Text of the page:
Another Unfinished Story from a project the ever talented Jeffery Crow introduced to me. One week you start a story and submit it to Jeff, the next week he gives you someone else’s to finish up. You can find more on Jeff’s blog here. the following is a collaboration between Jeffery Crow and me.
Mom was home. She knew not so much because of the sound of the door opening, like a vacuum seal peeled back from the edges of a prepackaged snack. And not so much because of the sound of keys jangling and clacking against too many tacky keychains. And not even so much because of the dart of light let in to the dark and cool apartment. She knew because she suddenly felt tired. She knew because Mom’s exhaustion hung and clung to all the crevices she passed, and the nature of an apartment two sizes too small meant that there were a thousand million crevices for exhaustion to crawl into and breed, and then for a girl to fall into like a field of Poppies.
She didn’t know it at the time, but all this made her sad, and so she didn’t look up or turn toward the door. She continued to watch DuckTails with her legs stretched out, straight ahead, under the coffee table and her back posted up against the seat of the couch. She always preferred the floor. Mom left her things, including the clacking mess of keys, by the door in a clay dish the girl had made and painted at school. Mom came and sat on the couch behind the girl, a leg on either side of her shoulders, and touched her fine blonde hair.
“This is my favorite one. With the druids,” Mom whispered sweetly to the girl, “but it’s scary, don’t you think?”
The girl shrugged, pretending to be in rapture with the program, though she’d seen this one a thousand million times. It was a tape after all, and if she was honest, her favorite thing about the tapes was putting them in and out of the tape player they had.
“I brought you some chicken fingers from work,” Mom continued as she pulled her fingers through the blonde tangles, gently undoing the thousand million knots the girl had worked in on the windy playground.
Finally something peaked her interest. She turned toward Mom, ready to receive dinner, to participate in the necessary exchange of words in order to earn her feast. She looked into Mom’s face, hopeful.
“Can I have milk with them?” the girl managed to squeak, her voice breaking with an homage to the prior hour she spent in silence.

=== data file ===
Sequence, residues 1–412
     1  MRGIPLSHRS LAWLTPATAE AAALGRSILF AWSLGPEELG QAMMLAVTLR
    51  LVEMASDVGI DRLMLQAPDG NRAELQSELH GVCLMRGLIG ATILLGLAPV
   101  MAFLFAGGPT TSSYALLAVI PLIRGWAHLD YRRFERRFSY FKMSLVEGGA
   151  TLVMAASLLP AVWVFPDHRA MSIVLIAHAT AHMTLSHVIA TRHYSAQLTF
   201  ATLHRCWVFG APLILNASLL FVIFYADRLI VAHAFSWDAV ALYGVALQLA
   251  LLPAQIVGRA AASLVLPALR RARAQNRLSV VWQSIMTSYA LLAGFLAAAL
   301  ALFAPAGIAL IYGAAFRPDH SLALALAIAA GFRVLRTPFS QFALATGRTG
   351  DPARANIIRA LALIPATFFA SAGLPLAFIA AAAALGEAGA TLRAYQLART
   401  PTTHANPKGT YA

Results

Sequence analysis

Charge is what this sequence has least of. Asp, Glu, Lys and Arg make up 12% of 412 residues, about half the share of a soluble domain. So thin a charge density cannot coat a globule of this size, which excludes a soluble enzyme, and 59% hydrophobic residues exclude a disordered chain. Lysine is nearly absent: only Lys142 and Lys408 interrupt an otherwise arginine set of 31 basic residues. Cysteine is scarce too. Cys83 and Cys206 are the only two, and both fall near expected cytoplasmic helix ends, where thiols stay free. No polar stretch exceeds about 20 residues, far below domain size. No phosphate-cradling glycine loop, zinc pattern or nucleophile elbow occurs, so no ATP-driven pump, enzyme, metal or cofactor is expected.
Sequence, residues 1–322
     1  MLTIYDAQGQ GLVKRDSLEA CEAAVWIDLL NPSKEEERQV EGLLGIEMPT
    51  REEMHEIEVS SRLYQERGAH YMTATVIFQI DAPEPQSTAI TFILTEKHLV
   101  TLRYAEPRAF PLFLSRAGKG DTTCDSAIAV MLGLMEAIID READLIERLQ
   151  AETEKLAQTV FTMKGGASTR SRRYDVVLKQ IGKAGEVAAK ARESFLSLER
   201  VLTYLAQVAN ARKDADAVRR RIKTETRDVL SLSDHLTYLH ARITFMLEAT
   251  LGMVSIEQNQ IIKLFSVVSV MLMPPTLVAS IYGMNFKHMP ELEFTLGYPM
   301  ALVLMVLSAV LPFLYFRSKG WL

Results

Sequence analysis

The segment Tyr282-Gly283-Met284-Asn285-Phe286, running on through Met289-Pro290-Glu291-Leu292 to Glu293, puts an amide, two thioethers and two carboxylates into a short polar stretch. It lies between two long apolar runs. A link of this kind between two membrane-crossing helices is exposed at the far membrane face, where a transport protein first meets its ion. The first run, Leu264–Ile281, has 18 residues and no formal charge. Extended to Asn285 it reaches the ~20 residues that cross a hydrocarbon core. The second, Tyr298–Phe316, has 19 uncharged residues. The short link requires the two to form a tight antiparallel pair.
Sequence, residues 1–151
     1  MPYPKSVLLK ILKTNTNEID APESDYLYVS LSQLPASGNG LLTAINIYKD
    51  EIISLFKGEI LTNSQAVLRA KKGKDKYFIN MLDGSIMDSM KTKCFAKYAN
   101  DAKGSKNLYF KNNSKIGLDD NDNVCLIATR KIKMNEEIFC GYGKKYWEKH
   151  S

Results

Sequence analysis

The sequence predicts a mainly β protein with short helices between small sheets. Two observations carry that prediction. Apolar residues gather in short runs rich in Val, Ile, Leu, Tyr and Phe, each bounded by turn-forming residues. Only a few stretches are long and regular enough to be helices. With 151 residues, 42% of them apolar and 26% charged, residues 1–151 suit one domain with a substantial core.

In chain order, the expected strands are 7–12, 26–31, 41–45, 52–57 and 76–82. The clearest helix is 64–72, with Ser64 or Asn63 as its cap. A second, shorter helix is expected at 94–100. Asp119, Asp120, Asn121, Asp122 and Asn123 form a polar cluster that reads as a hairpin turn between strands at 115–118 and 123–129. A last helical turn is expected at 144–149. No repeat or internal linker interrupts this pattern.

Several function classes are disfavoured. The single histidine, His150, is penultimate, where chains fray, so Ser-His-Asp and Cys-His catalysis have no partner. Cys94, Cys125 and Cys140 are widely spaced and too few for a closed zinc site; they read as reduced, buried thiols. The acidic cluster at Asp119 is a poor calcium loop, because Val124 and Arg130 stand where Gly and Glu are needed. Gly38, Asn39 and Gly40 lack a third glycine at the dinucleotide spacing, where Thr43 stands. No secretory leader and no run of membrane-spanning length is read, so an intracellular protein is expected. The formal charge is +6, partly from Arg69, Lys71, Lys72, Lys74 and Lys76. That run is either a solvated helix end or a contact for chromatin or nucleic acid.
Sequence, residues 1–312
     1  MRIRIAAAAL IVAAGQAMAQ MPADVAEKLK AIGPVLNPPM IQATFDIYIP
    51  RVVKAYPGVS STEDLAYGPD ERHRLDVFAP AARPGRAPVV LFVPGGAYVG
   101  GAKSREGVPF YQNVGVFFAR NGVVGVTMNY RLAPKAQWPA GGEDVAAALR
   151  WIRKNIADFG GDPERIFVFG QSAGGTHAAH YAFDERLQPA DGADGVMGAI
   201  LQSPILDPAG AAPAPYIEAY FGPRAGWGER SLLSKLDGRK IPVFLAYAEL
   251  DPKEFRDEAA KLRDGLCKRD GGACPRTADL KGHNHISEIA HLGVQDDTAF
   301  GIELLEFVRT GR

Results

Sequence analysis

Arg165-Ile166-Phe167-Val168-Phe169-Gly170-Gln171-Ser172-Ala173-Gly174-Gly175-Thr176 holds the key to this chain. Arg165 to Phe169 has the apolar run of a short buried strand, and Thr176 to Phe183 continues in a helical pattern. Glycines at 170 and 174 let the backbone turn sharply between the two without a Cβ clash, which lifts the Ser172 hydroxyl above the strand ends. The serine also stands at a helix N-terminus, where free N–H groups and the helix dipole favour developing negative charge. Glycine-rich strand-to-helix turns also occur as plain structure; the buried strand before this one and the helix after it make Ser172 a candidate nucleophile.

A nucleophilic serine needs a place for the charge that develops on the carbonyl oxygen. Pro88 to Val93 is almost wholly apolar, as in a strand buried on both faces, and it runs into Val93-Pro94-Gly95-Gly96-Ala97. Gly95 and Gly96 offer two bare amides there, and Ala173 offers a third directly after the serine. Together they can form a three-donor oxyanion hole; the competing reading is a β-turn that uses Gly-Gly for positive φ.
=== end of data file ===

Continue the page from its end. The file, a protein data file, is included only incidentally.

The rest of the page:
She watched her mother look towards the dark kitchen. “Of course you can. Why don’t you go get plates and forks and we can have a little picnic right here in the living room.”
The girl dragged herself out from under the coffee table and walked into the kitchen, her mother still sitting on the sofa.
– – –
Her daughter was home. She could tell, not because of the lights turned off, or the sound of DuckTails through the thin door. Really, it was the sense of relief she felt when she walked through the door. She could breathe easy, knowing that her only daughter was safe, and that she had made it home safe to her.
The dim apartment had the smell of a small space closed up for too long. She resisted the urge to open a window, hoping to keep the outside world separate for a few minutes more. She placed her keys in the clay dish that was the product of a kindergarten project, presented proudly to her by her daughter. The keys made a reassuring clacking, the handful of keys against a collection of key-rings, each a reminder of happier times and trips.
She walked into the living room, her daughter in her usual spot on the floor, legs stretched under the coffee table, back against the couch. DuckTails played on the TV, an old VHS. She secretly knew that her daughter really just enjoyed putting the tapes into the old player, but that was ok. DuckTails was one of her favorites anyways.
“This is my favorite one. With the druids, but it’s a little scary isn’t it?” she asked, hoping that perhaps she wasn’t growing up as quickly as it seemed like. The girl shrugged, seemingly taken by the animated characters on the screen.
Working through the tangles in the girl’s blonde hair, she said, “I brought you some chicken fingers from work.” The girl turned quickly, at last that smiling face.
“Can I have milk with them?”
The mother looked at the kitchen, thinking about the last real meal she had eaten. Of the last time she had been able to go to the store. “Of course you can.” She felt the day catching up to her. “Why don’t you go get plates and forks and we can have a little picnic right here in the living room,” she said, hoping the excitement she tried to inject into her voice would cover her desperation.
As her daughter got up and bounced into the kitchen, she felt her throat closing with emotion. Once she knew her daughter had walked into the kitchen, she allowed the tears to fall.